Looking for practical ways to reduce your impact on the environment? Saint Mark’s Creation Care Ministry is hosting Climate Conversations about everyday things in our lives. These monthly conversations will be held on environmentally-friendly Zoom on the first Tuesday evening of each month from 5:30–6:30 p.m. The next conversation will be on Tuesday, August 2 and focused on water. Click here for the full schedule
Cathedral Campus Gardening

On the second Saturday of each month, 9 a.m. to noon. All are welcome and needed, whether you have a green thumb or not! The next work party is Saturday, August 13, 9 a.m. to noon. Questions? Email [email protected].
Video is now available for:

Presentation slides (pdf) are now available for:

Leah Thomas, author of The Intersectional Environmentalist: How to Dismantle Systems of Oppression to Protect People and Planet (2022), recently spoke with Hannah Wilson (Farm Manager at Yes Farm, leader of the Black Farmers Collective and co-chair of the Environmental Justice Commission of the City of Seattle) as part of a program offered by Town Hall titled The Intersection Between Environmentalism, Racism, and Privilege.

The Rev. Edie Weller has written a reflection on the issues raised in this program. Read her response here.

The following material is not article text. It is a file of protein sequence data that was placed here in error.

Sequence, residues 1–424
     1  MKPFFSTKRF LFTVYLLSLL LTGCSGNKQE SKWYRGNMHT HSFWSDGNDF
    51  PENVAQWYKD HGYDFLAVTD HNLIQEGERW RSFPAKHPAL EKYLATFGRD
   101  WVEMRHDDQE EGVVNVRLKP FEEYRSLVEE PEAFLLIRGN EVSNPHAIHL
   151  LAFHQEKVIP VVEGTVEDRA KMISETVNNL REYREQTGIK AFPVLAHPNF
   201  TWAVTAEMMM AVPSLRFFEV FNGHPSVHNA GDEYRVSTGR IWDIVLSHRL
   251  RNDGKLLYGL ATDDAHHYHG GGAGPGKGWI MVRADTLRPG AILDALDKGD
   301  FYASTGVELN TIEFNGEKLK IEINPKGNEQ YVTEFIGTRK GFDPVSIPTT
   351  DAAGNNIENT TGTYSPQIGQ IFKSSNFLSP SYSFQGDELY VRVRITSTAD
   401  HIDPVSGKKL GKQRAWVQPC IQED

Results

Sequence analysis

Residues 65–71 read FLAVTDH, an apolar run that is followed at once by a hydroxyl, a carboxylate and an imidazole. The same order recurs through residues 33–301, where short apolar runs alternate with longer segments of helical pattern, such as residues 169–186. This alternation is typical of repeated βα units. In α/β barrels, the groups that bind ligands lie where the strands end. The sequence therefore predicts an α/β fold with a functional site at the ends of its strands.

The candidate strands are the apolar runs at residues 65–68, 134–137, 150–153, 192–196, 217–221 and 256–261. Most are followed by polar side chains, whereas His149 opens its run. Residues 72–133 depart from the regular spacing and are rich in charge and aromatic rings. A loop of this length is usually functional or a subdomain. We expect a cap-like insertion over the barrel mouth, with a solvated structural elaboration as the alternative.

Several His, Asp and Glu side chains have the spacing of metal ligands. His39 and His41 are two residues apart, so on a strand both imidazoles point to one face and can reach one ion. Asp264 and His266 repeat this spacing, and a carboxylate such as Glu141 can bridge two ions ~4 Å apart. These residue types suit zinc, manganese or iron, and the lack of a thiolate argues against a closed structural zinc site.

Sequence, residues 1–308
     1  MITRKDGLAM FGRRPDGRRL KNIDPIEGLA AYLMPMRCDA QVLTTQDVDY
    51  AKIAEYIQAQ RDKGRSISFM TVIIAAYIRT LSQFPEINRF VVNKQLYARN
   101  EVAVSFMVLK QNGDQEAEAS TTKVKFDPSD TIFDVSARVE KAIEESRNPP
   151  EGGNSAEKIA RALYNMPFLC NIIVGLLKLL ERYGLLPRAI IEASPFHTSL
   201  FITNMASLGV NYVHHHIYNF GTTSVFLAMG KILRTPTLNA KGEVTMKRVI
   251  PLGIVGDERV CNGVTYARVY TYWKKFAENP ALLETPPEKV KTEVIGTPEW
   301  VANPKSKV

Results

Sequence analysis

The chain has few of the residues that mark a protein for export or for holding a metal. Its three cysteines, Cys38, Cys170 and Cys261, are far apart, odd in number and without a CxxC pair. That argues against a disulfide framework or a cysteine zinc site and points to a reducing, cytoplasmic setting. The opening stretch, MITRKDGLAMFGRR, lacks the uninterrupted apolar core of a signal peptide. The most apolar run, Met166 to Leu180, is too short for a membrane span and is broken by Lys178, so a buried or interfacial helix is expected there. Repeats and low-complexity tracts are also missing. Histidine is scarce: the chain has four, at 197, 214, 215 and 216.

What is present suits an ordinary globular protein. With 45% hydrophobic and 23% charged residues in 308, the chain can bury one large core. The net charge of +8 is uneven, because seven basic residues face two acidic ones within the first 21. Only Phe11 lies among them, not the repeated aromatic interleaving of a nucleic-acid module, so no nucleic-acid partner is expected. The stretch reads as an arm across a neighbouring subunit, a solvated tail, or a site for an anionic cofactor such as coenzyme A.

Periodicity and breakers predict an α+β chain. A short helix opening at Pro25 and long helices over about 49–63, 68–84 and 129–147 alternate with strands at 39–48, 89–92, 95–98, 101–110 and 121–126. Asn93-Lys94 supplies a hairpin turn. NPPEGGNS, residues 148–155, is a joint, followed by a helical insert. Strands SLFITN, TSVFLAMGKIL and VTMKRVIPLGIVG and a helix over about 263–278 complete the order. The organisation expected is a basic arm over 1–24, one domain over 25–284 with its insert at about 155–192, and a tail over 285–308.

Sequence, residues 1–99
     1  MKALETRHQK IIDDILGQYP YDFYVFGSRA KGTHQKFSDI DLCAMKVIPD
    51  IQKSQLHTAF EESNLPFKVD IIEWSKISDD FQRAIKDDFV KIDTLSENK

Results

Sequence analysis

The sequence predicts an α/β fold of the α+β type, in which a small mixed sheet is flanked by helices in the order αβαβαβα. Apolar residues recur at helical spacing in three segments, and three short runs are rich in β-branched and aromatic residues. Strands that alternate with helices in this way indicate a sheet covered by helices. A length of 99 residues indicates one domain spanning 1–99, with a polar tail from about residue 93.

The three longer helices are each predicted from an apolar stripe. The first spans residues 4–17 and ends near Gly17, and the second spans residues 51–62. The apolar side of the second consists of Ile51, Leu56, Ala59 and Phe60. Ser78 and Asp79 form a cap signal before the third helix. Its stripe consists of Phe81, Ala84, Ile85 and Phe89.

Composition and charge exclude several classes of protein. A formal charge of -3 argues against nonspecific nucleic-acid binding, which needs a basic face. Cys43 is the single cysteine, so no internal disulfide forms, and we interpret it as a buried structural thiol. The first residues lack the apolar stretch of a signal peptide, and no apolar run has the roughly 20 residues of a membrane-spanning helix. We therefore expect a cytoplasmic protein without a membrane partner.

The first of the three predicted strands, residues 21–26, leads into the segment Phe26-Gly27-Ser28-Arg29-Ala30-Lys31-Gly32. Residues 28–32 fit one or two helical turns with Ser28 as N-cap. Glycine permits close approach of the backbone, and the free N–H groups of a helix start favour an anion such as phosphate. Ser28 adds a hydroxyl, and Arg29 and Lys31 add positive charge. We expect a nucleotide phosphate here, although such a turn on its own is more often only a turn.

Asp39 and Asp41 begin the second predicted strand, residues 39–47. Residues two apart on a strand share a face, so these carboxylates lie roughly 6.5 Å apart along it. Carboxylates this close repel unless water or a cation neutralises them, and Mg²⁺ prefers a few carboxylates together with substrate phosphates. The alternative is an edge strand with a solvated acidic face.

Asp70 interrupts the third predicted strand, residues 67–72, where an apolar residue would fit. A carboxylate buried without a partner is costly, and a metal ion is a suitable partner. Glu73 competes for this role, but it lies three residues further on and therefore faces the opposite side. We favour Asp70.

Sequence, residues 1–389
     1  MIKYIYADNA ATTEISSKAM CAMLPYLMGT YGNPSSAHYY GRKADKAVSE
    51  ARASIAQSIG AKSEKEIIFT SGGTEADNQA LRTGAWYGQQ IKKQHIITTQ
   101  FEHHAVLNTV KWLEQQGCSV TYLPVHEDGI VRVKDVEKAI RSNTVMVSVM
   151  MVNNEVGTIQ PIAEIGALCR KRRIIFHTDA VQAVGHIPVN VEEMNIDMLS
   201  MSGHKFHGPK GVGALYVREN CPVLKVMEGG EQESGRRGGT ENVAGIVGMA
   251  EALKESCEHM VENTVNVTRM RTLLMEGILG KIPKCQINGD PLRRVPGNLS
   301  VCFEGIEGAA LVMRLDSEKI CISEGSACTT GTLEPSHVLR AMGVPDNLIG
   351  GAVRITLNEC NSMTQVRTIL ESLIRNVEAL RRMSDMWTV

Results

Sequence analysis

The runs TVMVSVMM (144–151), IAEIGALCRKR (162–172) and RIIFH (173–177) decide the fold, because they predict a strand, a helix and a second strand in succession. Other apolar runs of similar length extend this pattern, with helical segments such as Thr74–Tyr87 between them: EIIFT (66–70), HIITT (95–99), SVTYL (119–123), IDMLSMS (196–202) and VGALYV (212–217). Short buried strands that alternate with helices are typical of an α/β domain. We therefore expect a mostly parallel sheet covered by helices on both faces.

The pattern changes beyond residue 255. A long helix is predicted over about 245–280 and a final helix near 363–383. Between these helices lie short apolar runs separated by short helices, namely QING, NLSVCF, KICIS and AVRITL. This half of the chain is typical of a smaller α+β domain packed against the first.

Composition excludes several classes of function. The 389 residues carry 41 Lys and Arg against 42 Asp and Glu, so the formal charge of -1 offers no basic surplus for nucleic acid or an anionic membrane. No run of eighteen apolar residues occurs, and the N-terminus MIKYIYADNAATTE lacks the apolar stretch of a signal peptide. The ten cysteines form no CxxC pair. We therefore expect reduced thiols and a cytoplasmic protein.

Some resources related to this program:

Additional resources on this topic recommended by Prof. Doug Thorpe:

Visit a Fire Lookout 

Recommended by Richard Hartung

Not long ago, people in fire lookouts on ridges and mountains around the Pacific Northwest constantly searched for wildfires during the summer so firefighters could put them out before they grew. While people have been replaced by satellites with scanners, the lookout stations remain and are a great destination for day hikes with beautiful views. One of the best ways to find a lookout to visit is to read Lost Fire Lookout Hikes & Histories: Olympic Peninsula & Willapa Hills by Leslie Romer. Her carefully researched book shows where the lookouts are, the routes to the fire lookout sites, accurate hike directions, details of the distance and elevation gain, and notes on the history of each destination. The 65 hikes to lookouts will give you great views, short hikes or long ones and new insights into the history as well as the mountains of our beautiful region.
Hike Spray ParkA Mount Rainier Wonder

Recommended by Kathy Minsch